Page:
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Data show denosumab achieves greater bone mineral density gains
12 October 2015 • Author: Victoria White
Results from a Phase 4 study of Amgen’s Prolia (denosumab) showed that the drug achieved greater gains in bone mineral density (BMD) than intravenous bisphosphonate zoledronic acid in postmenopausal women with osteoporosis following previous treatment with oral bisphosphonates.
“Despite the availability of newer therapies like denosumab, bisphosphonates are commonly used first-line to treat osteoporosis,” said lead investigator Paul Miller, M.D., medical director of the Colorado Center for Bone Research, Lakewood, Colo. “Our findings showed that denosumab provides significantly greater bone mineral density increases than zoledronic acid.”
Patients treated with denosumab had significantly greater improvements in primary and secondary endpoints in the study
The 12-month study included 643 women 55 years or older who had postmenopausal osteoporosis and had been taking oral bisphosphonate therapy for two or more years. The women were randomized 1:1 to receive either subcutaneous denosumab every six months plus intravenous placebo once yearly or intravenous zoledronic acid once yearly plus subcutaneous placebo every six months. The change from baseline in lumbar spine BMD at 12 months – the primary endpoint – in the denosumab group was significantly greater than that in the zoledronic acid group.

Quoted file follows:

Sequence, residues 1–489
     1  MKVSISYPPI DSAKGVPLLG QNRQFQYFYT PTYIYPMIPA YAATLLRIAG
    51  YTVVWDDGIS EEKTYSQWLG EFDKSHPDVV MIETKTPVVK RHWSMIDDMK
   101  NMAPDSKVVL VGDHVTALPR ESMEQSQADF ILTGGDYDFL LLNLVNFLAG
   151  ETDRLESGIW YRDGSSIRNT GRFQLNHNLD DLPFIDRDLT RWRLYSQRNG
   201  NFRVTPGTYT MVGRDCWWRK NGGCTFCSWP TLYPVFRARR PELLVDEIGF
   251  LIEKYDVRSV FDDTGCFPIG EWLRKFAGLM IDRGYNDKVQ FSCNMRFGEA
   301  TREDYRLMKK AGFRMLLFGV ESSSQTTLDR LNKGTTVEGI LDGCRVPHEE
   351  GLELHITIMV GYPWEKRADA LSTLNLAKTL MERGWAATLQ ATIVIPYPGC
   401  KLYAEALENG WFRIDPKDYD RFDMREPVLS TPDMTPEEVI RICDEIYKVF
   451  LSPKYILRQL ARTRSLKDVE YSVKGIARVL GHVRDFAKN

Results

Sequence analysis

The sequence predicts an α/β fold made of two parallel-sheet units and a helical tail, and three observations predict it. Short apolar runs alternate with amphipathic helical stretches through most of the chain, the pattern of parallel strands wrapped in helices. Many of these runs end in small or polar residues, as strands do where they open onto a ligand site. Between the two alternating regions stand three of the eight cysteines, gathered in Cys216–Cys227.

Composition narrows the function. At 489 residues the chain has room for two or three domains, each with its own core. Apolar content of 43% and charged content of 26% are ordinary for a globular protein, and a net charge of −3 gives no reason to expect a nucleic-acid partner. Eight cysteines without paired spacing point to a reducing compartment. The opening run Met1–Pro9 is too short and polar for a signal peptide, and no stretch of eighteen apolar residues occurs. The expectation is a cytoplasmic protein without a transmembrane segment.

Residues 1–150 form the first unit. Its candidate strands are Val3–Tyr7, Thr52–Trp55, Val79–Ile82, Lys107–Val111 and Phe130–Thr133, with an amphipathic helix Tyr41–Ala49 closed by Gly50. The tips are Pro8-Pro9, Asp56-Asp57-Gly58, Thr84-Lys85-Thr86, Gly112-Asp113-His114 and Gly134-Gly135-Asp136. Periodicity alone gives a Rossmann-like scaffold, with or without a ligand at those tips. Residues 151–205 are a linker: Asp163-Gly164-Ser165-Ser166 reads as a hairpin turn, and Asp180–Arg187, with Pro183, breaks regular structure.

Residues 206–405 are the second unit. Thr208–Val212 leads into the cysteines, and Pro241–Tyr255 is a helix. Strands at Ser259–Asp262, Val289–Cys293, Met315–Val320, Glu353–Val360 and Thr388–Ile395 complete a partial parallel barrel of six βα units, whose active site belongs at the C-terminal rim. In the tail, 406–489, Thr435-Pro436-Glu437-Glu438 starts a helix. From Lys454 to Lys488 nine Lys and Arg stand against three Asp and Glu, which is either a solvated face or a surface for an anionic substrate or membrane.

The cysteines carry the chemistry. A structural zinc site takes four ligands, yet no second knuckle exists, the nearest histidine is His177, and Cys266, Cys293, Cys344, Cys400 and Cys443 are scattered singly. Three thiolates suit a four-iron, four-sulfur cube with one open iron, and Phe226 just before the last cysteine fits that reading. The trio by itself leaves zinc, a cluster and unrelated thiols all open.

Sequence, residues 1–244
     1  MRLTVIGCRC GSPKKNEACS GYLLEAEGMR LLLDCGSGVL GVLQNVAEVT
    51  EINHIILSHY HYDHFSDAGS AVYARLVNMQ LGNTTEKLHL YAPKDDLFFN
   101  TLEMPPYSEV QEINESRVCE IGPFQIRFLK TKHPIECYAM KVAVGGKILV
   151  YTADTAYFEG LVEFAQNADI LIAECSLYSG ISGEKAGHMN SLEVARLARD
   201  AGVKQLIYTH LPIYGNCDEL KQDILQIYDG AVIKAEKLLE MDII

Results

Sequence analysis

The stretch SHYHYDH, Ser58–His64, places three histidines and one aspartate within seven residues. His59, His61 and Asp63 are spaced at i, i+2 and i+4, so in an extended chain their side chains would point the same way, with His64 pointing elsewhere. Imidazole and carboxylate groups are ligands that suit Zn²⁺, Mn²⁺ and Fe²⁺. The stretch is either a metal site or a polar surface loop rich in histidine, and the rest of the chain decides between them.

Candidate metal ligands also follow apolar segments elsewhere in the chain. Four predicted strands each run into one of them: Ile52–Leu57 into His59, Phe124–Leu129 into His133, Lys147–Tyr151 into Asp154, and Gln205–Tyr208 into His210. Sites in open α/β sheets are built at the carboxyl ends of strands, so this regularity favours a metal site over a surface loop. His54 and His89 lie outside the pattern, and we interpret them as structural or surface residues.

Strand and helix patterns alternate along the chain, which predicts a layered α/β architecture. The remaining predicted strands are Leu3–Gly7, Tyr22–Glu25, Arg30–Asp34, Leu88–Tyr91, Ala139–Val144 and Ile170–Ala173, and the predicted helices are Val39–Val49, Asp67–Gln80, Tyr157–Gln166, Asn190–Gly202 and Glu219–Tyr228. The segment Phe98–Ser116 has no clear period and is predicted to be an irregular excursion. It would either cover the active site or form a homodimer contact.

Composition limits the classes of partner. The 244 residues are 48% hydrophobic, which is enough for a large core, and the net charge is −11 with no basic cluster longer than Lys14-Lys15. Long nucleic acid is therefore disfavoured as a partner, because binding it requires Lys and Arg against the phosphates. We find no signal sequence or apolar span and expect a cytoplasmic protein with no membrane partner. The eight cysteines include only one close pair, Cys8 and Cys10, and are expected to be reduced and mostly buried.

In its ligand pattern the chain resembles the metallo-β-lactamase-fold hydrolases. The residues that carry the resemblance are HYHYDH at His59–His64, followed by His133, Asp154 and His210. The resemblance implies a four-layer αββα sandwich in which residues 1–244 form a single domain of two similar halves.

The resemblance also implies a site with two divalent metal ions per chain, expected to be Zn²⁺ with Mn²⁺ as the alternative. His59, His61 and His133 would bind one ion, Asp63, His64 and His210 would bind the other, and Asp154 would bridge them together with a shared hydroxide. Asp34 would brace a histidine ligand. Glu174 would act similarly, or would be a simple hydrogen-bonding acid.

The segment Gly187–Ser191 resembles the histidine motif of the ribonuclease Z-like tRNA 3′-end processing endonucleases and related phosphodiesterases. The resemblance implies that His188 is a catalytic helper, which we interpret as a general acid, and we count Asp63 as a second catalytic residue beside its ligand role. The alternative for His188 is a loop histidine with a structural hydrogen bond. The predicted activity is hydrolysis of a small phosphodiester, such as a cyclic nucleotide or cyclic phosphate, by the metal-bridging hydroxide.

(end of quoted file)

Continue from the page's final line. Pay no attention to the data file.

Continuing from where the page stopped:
The denosumab group also had significantly greater improvements than the zoledronic acid group in secondary and exploratory study endpoints, including BMD changes in the total hip, femoral neck, and 1/3 radius.
“These findings add to the evidence supporting Prolia as an important therapeutic option for women with postmenopausal osteoporosis, especially those who have failed bisphosphonate treatment,” said Sean E. Harper, M.D., executive vice president of Research and Development at Amgen. “Our continued research in this innovative antiresorptive reinforces Amgen’s commitment to bone biology and understanding the value Prolia brings to treating osteoporosis in postmenopausal women at high risk for fracture.”
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